The fund manager who shocked the market by closing his Altair Asset Management funds and returning the cash to investors, citing an imminent property calamity and market correction, is embroiled in a dispute surrounding his mother’s share portfolio.
In a case proceeding through the NSW Supreme Court, Philip Parker, who is Altair’s chairman and chief investment officer, is one of the defendants named in an action stemming from claims brought by his elderly mother, Faye Mary Parker and F M Parker Pty Ltd.
The action and its numerous cross-claims were set off when Mrs Parker filed suit against Attis Capital, its director David Reynolds, and Altair Assets and Pepsec, which is an entity linked to Mr Parker and Altair.
The dispute centres around a loan obtained by Pepsec on June 11, 2015, from Attis Capital, against which Pepsec providedMrs Parker’s shares as collateral. Attis Capital alleges that it exercised its right to sell those shares at the instruction of Mr Parker who denies giving these instructions. Mrs Parker argues that she never approved the transfer and sale of her stock and she wants her shares back.
Mr Parker refused to comment on Wednesday; he has previously maintained shuttering the business was predicated on a bearish market call. Last night, his lawyers said the court action had nothing to do with Mr Parker’s surprise decision to close his funds and repay investors.
“It appears that the plaintiff” – Mrs Parker – “is the victim of a fraud perpetrated by the second defendant” – Pepsec – “and the third cross defendant” – Mr Parker, it is alleged by Mr Reynolds and Attis. Mr Parker denies the fraud allegations. Pepsec and Mr Parker, in response, claim wrongdoing by Mr Reynolds and Attis and, that Mrs Parker did sign the transfer forms.
Papers filed on behalf of Attis and Mr Reynolds detail how $3 million was incrementally advanced to Pepsec, the entity linked to Altair and Mr Parker. Mr Parker told Mr Reynolds in June 2015 that Pepsec needed $1 million for the purpose of Altair working capital.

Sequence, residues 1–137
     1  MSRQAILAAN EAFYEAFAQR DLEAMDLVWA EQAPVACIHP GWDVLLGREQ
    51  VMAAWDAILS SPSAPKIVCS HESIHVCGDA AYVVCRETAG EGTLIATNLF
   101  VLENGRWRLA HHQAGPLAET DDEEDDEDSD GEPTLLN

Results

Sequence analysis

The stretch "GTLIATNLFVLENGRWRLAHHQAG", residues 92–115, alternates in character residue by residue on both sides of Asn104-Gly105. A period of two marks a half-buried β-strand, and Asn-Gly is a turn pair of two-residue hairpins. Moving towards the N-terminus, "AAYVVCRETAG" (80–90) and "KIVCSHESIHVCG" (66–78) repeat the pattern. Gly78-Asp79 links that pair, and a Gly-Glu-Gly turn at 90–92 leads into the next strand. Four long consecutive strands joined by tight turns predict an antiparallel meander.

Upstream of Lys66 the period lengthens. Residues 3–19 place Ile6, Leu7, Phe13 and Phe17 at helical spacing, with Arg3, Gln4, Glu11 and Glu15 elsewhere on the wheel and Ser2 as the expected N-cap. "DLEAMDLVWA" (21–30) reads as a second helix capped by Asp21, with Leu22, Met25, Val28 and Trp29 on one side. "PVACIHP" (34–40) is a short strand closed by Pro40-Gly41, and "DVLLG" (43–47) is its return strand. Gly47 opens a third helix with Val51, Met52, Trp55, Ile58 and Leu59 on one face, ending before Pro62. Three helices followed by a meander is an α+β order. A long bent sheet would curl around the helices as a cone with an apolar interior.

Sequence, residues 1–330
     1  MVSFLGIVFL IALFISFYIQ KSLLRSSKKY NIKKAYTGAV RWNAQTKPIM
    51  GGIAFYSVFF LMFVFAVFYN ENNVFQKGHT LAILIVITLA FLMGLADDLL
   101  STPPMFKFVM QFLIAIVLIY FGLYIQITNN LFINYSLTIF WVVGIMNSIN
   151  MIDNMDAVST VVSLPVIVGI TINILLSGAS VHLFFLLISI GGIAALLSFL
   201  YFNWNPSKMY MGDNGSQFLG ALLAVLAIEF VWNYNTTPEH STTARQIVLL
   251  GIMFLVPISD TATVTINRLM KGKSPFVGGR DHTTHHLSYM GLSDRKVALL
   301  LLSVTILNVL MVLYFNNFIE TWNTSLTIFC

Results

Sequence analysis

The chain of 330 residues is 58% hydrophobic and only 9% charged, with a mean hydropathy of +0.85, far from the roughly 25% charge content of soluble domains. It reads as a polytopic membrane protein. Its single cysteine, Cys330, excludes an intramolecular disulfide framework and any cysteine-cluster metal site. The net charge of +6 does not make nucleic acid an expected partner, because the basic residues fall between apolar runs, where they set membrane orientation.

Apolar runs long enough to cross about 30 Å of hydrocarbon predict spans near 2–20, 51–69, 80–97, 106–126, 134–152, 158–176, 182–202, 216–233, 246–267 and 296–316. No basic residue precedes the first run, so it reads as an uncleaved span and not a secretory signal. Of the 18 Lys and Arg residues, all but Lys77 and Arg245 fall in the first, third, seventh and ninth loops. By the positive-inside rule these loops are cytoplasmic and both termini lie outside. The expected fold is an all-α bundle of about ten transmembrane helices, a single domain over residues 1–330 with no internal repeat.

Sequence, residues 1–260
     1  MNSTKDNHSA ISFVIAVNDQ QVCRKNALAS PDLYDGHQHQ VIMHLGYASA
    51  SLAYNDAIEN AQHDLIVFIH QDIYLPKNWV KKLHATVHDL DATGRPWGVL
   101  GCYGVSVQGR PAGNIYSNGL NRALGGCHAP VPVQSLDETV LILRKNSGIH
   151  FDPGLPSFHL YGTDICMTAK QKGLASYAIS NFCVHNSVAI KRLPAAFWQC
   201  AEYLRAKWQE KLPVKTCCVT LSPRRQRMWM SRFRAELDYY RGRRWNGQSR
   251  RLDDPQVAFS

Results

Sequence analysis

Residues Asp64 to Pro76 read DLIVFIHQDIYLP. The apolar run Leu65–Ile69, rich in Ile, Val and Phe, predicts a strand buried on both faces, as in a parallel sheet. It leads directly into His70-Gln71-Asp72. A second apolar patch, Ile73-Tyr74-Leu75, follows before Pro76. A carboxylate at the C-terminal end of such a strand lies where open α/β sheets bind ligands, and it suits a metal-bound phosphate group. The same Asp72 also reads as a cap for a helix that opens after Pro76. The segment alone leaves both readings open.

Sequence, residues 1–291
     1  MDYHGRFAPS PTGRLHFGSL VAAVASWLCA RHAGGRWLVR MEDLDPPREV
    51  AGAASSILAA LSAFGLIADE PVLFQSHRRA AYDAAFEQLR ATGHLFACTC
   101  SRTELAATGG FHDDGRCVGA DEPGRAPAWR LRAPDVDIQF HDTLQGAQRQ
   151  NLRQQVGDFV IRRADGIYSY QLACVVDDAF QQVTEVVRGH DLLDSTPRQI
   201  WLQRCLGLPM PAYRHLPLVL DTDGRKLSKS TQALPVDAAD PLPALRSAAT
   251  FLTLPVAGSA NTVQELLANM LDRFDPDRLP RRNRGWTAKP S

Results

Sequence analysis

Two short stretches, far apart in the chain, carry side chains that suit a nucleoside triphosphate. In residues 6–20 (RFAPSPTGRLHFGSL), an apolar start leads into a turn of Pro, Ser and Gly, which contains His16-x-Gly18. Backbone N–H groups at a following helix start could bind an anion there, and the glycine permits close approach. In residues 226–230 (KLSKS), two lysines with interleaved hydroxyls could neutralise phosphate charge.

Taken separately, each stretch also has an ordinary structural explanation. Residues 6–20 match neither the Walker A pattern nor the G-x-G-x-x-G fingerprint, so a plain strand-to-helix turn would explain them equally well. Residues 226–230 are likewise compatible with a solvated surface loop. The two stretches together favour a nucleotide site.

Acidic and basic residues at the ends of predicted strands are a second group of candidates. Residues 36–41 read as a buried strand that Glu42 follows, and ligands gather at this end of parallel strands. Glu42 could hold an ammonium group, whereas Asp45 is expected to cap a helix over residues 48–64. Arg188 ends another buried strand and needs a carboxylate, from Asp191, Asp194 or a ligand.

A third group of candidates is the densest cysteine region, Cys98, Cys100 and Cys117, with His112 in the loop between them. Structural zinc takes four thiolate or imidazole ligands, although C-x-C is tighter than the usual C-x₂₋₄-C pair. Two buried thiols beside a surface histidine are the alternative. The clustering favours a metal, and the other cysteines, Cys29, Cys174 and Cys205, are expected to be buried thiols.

“Mr Parker instead used part of that money for his own use and benefit,” the documents allege.
Attis advanced $1 million to Mr Parker, and Attis intended to reconstitute the portfolio of shares when Mr Parker repaid the $1 million.
Mr Parker directed Attis to retain the balance of the proceeds and trade it, according to Attis and Mr Reynolds.
Moreover, “Mr Parker directed Attis to split any profits from that trading on a 50-50 basis between Mr Parker and Attis,” the documents submitted for Attis say.
Around October 14, 2015, $1.96 million was deposited in to Attis’ account with ANZ by F M Parker Pty Ltd.
Attis advanced a further $1 million to Pepsec from the $1.96 million at the direction of Mr Parker, the same documents say, and Mr Parker directed Attis to retain the balance and trade it.
Around December 22, 2015, $2.97 million was deposited to Attis, which advanced a further $1 million of the $2.97 million to Pepsec.
Again, Attis retained the balance and says it was instructed to trade it and profit share any spoils.
Altair, a plaintiff in one of the cross-claims, alleges Attis and Mr Reynolds sold the shares and used the proceeds to fund the loan to Pepsec. Altair also alleges the balance of the proceeds have been retained by Attis and Mr Reynolds for their own benefit.
Mr Parker claims he did not sign the loan agreement and did not witness his mother’s signature. Alternatively, he did not know what he was signing as he was signing numerous documents put forward by Mr Reynolds.
In their response, Attis and Mr Reynolds say the second secured loan agreement was provided by Mr Parker, signed by his mother and Mr Reynolds. They say the mother denies having signed it and Reynolds has no recollection of having signed it.
In a statement on Monday, Mr Parker said “giving up management and performance fees and handing back cash from investments managed by us is a seminal decision, however preserving client’s assets is what all fund managers should put before their own interests.”
The case continues and is likely to be heard in September. Mrs Parker was approached for comment via her lawyer. The lawyer acting for Mr Reynolds and Attis Capital had no comment in relation to the proceedings.
Separately, Australian Securities and Investments Commission documents show that Altair Assets director John Milne Hall resigned from the board April 7, 2017. Mr Hall submitted his resignation to Mr Parker, where he told Mr Parker that his reason for resigning was a lack of information.
“The principal reason for my resignation is that for the past three or more years I have not been provided with sufficient information in relation to the conduct of the business of Altair Assets Ltd to discharge my duty as a non-executive director to monitor the conduct of the company’s business and to intervene where appropriate.”
This story Administrator ready to work first appeared on Nanjing Night Net.